I'm trying to create a release on Google Play.

I currently have Build App Bundle checked in the build settings, and it helps decrease the build size.

In player settings I've IL2CPP set as the scripting backend, and x86 + ARM32 + ARM64 checked as target architectures.

Once built it creates *-symbols.zip in addition to just aab.

My questions are,

  • Do I need x86 + ARM32 + ARM64 all checked? (I want to comply with Google's new 64-bit requirement)

  • Can I build split aab's similar to 'split APKs by target architecture'? If so can I have the same version code for aab's which targets different architectures? Is there any advantage of doing so?


Google’s requirement is only for ARM64 support. You don’t need x86.

You do not normally split aab files. The aab has all of the architectures in it, and it is split into the correct apk by the Play Store, based on what device is downloading it. You can use bundletool to generate an apk to test with, or you can upload it to the Play Store and set it to alpha/internal testing to test the splitting when actually downloaded.

Normally during testing though, it’s recommended to just build an apk, as it is faster to build an apk than an aab and then an apk from that.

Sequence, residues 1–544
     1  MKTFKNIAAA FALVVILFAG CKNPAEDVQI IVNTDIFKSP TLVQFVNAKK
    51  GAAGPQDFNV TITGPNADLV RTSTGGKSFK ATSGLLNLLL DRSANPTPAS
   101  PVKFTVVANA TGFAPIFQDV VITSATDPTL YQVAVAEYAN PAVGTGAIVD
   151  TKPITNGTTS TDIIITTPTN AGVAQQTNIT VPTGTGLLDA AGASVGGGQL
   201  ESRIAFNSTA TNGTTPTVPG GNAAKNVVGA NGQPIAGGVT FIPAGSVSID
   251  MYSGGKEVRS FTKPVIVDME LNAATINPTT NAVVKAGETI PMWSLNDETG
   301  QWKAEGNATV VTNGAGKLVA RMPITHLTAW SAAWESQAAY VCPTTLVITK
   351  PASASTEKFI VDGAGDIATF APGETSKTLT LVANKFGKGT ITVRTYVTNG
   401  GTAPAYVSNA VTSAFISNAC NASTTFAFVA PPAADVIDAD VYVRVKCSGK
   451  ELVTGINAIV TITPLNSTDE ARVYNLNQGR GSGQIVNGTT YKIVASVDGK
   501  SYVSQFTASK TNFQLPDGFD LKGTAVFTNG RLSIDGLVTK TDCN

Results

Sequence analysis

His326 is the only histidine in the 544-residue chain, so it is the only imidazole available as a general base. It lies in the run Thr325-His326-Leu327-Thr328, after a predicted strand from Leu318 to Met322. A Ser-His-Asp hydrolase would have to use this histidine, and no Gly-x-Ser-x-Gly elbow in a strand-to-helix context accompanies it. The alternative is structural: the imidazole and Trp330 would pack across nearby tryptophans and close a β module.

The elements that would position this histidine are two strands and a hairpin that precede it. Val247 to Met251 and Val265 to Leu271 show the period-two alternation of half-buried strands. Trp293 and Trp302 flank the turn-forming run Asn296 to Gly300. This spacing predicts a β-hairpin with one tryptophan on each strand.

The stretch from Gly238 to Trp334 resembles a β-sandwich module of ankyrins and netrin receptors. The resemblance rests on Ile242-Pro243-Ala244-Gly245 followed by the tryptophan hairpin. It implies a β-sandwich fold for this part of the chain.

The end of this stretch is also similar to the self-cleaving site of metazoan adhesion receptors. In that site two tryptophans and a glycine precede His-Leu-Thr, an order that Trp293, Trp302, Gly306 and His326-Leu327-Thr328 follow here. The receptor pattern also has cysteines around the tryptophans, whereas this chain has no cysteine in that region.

• \$\begingroup\$ Thanks. Again to clarify do I need to check ARM32 or ARM64 or both, when when uploading an aab to Play Store? \$\endgroup\$ – Gayan Weerakutti May 26 '19 at 15:11
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    \$\begingroup\$ Both (if you want to support both architectures) \$\endgroup\$ – Ed Marty May 26 '19 at 15:18
  • \$\begingroup\$ I uncheked x86. But when uploaded to Google Play, this is what I get Deactivation of this APK will result in your app being available for new installs on fewer types of devices \$\endgroup\$ – Gayan Weerakutti May 27 '19 at 11:41
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    \$\begingroup\$ Google does not require support for x86, but if you already released the game with support for it, there’s no reason to remove it, unless you are adding a native library which doesn’t come with x86 support. \$\endgroup\$ – Ed Marty May 27 '19 at 15:07
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    \$\begingroup\$ Yeah, there's not a compelling reason to support x86 Android devices, but since Unity does it "for free" there's not a huge reason not to if you're using aab files anyway, other than the necessity for support if somebody on an x86 device complains about it not working. \$\endgroup\$ – Ed Marty May 27 '19 at 19:29

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